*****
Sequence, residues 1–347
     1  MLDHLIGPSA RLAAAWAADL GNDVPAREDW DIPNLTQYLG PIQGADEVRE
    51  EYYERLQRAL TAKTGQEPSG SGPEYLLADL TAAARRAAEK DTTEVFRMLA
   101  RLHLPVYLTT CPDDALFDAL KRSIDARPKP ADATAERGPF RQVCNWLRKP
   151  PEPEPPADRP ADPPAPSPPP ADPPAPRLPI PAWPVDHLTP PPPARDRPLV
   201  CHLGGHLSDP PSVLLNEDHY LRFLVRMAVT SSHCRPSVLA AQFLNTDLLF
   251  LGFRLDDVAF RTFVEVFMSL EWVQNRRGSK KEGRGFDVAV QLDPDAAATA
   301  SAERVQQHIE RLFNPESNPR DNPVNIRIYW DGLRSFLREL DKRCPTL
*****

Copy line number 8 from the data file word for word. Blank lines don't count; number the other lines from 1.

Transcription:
   301  SAERVQQHIE RLFNPESNPR DNPVNIRIYW DGLRSFLREL DKRCPTL